Providing his definition of a successful event, Kirkpatrick said: Hope is an incredibly powerful lever that you can put to work in a crisis. Yes, accelerated action. Yes, ambitious targets. But we have to set the tone and demonstrate that we can collaborate.

“It’s incredibly important in a business like ours that we have that belief and that we can take that back home, inspiring other people to get behind the cause.”

Policy and business action: A chicken-and-egg situation

Building on these discussion points, a sustainability professional in the audience asked how businesses can ensure that NDCs and other parts of the Paris Agreement rulebook “trickle-down” to regional, city and industry levels. He stated that “we’ve been here before, many times, in terms of political commitments being made but a lack of delivery on the ground”. He added that: “many of us [in the audience] work in businesses where the political landscape is the major barrier for activity in delivering net-zero solutions”.

Answering this question, Jackson said: “I think what we will see as businesses – many of you will know me in my corporate sustainability director guise at PwC UK – is two to three years of really bumpy regulatory introductions around the world as nations play catch-up, if you will, with momentum in the market.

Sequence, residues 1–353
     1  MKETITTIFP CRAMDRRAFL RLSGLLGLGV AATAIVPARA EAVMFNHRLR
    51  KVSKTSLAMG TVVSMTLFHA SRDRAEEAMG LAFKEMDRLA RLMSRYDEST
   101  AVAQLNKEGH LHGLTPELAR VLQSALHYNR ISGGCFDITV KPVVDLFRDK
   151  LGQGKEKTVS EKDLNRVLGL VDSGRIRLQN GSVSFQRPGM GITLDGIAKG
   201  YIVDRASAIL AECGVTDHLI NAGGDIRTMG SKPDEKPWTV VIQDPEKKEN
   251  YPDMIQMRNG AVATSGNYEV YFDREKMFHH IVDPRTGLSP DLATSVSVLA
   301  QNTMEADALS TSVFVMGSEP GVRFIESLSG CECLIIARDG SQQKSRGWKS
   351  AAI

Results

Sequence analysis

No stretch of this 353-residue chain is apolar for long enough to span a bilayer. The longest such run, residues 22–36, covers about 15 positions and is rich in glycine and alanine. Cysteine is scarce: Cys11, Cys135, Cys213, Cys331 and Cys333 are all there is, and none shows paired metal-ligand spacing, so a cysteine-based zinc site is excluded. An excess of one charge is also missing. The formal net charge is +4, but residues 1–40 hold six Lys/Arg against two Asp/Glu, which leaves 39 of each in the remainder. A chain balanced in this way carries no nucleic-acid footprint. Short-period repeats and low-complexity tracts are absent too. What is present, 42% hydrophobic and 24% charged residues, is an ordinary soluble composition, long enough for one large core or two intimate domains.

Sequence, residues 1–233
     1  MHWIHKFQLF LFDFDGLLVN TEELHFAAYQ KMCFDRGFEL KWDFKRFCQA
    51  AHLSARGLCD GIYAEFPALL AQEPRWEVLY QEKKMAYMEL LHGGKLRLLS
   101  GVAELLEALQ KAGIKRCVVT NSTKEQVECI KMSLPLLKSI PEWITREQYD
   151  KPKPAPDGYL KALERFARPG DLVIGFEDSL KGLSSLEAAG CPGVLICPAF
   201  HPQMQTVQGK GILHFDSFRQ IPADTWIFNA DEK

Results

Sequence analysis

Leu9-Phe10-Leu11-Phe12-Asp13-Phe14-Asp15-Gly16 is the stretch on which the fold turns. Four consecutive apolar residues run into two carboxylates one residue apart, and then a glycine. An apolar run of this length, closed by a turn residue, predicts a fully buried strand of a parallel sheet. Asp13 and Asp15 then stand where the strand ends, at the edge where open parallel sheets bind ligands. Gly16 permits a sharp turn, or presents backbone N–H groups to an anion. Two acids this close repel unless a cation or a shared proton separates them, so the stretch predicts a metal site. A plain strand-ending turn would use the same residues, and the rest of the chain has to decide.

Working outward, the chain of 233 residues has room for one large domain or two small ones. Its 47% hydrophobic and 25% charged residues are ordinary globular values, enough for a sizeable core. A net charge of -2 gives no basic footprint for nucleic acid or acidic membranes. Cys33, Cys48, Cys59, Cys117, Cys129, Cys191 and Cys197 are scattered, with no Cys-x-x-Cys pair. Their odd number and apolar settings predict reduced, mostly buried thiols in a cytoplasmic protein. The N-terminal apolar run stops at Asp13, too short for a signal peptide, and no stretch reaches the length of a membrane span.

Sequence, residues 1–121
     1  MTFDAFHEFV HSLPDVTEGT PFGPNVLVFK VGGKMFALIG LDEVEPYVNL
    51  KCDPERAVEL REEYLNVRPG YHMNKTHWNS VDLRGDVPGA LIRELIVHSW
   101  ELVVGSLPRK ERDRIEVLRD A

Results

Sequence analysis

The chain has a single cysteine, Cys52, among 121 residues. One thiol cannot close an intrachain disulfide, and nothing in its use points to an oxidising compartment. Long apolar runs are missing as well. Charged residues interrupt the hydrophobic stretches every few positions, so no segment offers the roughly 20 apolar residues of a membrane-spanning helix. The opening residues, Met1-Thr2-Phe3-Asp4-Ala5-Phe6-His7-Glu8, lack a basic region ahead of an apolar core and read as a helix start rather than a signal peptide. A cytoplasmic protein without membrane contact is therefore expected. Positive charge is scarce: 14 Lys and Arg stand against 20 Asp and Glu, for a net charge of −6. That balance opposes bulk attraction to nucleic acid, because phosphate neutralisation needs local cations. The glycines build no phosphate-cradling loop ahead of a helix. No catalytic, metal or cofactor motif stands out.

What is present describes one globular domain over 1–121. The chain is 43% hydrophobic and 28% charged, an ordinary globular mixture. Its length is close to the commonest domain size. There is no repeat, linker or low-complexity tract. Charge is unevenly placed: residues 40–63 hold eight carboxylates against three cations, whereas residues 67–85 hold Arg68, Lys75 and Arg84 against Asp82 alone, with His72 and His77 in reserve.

“This is well-documented by organisations including the UN Principles for Responsible Investment (PRI), which has stated that 2023 and 2024 are going to be when we have a slew of regulation that catches up with the momentum of the climate agenda.

“As businesses, you will need to respond to that and get ahead of the game. One of the easy things to do is to decarbonise, lowering future expenditure on carbon prices, taxes and so on. Secondly, get ahead of the game on innovative products and services as far as you can, because then, you can use your business voice to say you want a level playing field.

“We’ve all seen huge levels of ambiguity with Covid-19, as we’ve never seen before in business. So, keep on asking, through your government relations, for more clarity and for faster policy changes to come through. The collective voice of business will help that clarity to come through.

“Also, the pressure for us as businesses –  I think – is likely to come from the financial sector sooner than it will from government. Be in no doubt. About a year ago there were $5trn of assets under management whereby alignment with a 1.5C temperature pathway was promised…. the sector had aimed to double it to $10trn but there’s now $90trn. That’s half of the global economy. If you need to access funding in your business, you are going to be asked to be 1.5C aligned, and I think that’s going to give clarity and momentum, while also encouraging and involving governments to put forward the regulatory frameworks we need and the investment we need to pump-prime new technologies.”

The business guide to COP26

What’s happening on each day of the COP26 climate summit this November? How does the COP process work, and what are the desired outcomes? In the final run-up to the talks, edie’s definitive business guide to COP26 has you covered.

This free-to-download guide, sponsored by EY, breaks down everything you need to know about the sustainability opportunities of COP26. The guide includes a full summary of what we know so far about the talks, who’s involved, what’s happening on each day, and what your organisation can do to turn the ambitions of COP26 into business actions. 

Click here to download your free copy today.

Sarah George